Brandeis President Gives Gun Go Ahead

WALTHAM, Mass. – President Jehuda Reinharz of Brandeis University (BU) declared that the university intends to start arming campus safety officers. The new policy will take three to six months to carry out.

In an E-mail sent to everyone on campus on Sept. 12, the president wrote that in an effort to continue enhancing safety and security on campus, he requested a committee be put together to review the idea of arming Brandeis public safety officers. After considering the information submitted by the committee, he decided to move forward with arming the officers.

The committee formed in June and met five times to discuss what it discovered.

Several committee members initially had reservations about giving the officers guns. Some held the belief that a university campus should be a safe space without people carrying weapons. One graduate student mentioned that some students who come from communities where police are oppressive had concerns.

After the findings, many committee members changed their positions. One major concern was the fact that even a brief delay of Waltham police getting to campus could have grave consequences for students, staff and faculty.

The Waltham police captain thinks the university will be more secure if its public safety officers were armed.

The report said that all public safety officers are trained at the State Police Academy, and are required to recertify regularly. The report went on to state that even though the officers carry mace and clubs, not carrying guns prohibits them from intervening in any situation involving weapons, leaving them no choice but to wait until Waltham police officers arrive.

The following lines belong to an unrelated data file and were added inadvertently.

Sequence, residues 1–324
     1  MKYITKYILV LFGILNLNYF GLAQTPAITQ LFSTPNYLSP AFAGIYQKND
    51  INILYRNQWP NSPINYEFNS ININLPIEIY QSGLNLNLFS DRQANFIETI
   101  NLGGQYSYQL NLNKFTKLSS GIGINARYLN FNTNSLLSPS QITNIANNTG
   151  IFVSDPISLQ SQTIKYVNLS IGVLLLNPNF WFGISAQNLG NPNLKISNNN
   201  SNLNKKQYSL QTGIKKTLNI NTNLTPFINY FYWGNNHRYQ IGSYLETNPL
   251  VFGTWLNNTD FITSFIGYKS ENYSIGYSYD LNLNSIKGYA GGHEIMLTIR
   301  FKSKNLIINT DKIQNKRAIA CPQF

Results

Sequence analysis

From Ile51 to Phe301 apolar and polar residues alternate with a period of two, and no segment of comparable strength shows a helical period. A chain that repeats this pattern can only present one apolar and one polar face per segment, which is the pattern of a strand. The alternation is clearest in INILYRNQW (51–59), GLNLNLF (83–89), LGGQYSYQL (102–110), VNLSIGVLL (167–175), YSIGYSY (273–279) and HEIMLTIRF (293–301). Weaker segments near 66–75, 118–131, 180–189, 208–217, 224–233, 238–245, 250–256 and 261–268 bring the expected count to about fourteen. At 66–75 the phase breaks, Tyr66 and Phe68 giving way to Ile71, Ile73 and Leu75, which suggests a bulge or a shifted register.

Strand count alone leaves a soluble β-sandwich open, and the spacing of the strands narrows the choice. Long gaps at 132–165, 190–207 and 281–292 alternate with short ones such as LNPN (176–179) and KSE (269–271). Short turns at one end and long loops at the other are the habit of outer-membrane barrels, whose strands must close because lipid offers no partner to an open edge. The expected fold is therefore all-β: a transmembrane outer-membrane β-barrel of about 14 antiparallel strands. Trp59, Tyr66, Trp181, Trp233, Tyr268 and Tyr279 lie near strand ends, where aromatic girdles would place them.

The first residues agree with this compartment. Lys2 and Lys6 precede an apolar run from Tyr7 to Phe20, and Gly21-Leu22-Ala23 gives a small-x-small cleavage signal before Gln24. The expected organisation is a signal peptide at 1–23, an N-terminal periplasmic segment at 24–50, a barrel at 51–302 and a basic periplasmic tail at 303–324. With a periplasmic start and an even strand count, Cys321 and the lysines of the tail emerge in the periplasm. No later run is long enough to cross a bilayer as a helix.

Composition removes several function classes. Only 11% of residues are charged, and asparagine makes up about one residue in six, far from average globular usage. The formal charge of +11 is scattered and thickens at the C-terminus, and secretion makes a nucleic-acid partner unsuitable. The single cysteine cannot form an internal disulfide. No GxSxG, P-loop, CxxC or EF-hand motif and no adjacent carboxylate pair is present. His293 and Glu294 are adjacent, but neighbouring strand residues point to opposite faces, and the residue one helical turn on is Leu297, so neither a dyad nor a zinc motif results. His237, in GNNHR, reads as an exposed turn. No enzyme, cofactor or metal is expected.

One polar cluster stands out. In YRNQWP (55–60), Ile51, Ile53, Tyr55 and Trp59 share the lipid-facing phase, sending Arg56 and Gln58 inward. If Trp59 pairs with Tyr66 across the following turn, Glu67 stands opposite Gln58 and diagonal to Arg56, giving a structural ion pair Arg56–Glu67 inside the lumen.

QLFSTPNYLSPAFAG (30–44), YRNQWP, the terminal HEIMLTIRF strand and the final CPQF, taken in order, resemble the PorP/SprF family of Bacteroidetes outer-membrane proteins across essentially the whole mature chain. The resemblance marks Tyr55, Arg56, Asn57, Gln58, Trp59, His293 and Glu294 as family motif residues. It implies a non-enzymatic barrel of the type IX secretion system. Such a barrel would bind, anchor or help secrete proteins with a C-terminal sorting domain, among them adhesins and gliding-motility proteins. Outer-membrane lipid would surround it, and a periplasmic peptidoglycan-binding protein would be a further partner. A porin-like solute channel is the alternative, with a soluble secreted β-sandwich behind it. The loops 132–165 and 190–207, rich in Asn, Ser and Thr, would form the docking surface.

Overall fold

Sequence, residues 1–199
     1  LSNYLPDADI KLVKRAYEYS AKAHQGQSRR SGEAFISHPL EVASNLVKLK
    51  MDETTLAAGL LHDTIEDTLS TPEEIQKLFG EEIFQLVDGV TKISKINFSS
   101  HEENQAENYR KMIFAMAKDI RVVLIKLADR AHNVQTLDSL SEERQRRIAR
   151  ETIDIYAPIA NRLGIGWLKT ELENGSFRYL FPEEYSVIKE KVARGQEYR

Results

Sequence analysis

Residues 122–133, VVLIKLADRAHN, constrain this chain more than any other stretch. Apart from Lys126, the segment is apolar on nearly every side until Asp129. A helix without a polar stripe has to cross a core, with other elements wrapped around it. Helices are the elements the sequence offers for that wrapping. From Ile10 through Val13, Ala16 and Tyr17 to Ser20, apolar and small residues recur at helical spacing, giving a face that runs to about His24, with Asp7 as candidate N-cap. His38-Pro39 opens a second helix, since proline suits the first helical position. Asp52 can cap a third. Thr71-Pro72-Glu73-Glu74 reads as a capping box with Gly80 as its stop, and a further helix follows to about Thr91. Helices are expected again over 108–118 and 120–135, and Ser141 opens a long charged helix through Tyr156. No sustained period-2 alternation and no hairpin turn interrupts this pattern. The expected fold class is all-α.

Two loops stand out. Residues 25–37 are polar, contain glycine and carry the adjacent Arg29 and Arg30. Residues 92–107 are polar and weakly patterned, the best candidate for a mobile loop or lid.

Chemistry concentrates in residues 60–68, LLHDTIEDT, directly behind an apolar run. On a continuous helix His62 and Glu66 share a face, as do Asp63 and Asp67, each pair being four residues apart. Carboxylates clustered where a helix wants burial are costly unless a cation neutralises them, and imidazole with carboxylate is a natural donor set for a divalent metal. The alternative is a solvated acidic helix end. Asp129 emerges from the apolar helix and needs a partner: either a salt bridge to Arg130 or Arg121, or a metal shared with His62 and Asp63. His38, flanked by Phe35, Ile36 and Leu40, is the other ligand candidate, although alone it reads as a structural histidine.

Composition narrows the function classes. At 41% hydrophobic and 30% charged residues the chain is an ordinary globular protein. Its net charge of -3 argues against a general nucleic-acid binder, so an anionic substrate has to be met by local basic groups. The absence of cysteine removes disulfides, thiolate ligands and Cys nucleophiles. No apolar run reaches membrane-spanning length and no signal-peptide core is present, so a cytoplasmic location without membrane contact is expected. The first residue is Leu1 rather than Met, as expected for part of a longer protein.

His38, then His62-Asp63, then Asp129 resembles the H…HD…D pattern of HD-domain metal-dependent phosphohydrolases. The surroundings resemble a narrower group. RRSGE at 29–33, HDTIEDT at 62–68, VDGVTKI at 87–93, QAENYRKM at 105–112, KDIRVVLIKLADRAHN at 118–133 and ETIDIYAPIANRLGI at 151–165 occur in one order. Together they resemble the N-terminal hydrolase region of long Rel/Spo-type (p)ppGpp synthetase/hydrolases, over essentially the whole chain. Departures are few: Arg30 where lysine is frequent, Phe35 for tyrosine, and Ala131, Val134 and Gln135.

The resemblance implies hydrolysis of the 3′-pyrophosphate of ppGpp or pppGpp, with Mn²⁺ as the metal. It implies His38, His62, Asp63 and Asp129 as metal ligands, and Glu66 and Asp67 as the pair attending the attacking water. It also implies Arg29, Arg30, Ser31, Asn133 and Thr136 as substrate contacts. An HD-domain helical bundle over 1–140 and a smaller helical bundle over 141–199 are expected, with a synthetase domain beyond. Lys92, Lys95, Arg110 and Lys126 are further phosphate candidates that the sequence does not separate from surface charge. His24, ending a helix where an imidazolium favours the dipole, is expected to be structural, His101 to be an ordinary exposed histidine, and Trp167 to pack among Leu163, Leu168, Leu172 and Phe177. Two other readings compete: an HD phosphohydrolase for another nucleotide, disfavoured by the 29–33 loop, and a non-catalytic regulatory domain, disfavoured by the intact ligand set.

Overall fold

Student responses have varied. Some believe the reason for the decision must have been based on what happened at Virginia Tech, and that it will add a layer of protection, as long as officers are trained on how to use the guns. Others commented that students and alumni should have been included more in the discussion and that some alumni won’t donate anymore because of the decision. One student worried that adding firearms might unnecessarily escalate some situations.

The campus director of public safety attended the meetings and agreed with the report, noting there is sometimes up to a five minute delay before police arrive on the scene. He mentioned the addition of security features, like the siren system, and text message and voice-messaging system, but added that as first responders, the public safety officers need the tools to effectively do their jobs.

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